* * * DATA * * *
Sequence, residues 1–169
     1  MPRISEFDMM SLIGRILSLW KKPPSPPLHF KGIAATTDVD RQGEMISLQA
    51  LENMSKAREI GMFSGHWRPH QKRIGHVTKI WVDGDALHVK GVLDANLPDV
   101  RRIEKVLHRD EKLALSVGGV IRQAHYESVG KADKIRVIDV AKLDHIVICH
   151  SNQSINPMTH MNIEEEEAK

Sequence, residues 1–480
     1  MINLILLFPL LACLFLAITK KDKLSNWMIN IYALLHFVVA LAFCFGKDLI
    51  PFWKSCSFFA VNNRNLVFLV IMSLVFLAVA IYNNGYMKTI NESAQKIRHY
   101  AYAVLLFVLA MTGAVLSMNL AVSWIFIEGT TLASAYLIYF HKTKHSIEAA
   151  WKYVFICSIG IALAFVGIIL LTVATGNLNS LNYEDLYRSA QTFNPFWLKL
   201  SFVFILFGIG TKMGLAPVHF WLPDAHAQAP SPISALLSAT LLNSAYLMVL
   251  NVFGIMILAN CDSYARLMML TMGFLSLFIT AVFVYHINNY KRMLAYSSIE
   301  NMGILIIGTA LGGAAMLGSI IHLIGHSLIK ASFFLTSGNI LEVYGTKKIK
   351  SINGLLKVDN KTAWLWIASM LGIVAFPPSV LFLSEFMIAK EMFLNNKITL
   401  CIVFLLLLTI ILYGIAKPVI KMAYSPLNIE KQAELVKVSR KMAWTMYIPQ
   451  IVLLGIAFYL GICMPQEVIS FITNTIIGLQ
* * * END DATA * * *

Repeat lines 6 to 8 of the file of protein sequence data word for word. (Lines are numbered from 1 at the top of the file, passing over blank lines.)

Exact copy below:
Sequence, residues 1–480
     1  MINLILLFPL LACLFLAITK KDKLSNWMIN IYALLHFVVA LAFCFGKDLI
    51  PFWKSCSFFA VNNRNLVFLV IMSLVFLAVA IYNNGYMKTI NESAQKIRHY